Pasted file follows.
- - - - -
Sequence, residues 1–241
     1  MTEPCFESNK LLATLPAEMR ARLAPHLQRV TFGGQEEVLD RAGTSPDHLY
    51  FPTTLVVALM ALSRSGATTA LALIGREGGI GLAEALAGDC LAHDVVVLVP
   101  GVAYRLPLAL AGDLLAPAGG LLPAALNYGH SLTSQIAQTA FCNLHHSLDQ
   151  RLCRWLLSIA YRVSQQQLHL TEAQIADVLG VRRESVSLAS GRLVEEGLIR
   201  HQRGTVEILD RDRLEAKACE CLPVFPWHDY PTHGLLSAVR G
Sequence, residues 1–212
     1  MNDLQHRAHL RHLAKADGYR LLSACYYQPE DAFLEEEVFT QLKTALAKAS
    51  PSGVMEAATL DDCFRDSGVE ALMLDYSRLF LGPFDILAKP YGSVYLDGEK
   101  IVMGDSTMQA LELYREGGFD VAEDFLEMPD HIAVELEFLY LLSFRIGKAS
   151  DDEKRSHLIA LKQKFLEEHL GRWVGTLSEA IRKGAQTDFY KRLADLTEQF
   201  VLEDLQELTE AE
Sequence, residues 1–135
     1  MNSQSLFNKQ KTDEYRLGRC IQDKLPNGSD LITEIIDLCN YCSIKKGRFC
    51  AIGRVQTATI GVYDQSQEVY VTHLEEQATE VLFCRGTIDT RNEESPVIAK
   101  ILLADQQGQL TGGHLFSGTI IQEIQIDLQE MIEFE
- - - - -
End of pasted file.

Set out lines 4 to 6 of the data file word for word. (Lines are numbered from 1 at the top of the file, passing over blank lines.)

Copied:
   101  GVAYRLPLAL AGDLLAPAGG LLPAALNYGH SLTSQIAQTA FCNLHHSLDQ
   151  RLCRWLLSIA YRVSQQQLHL TEAQIADVLG VRRESVSLAS GRLVEEGLIR
   201  HQRGTVEILD RDRLEAKACE CLPVFPWHDY PTHGLLSAVR G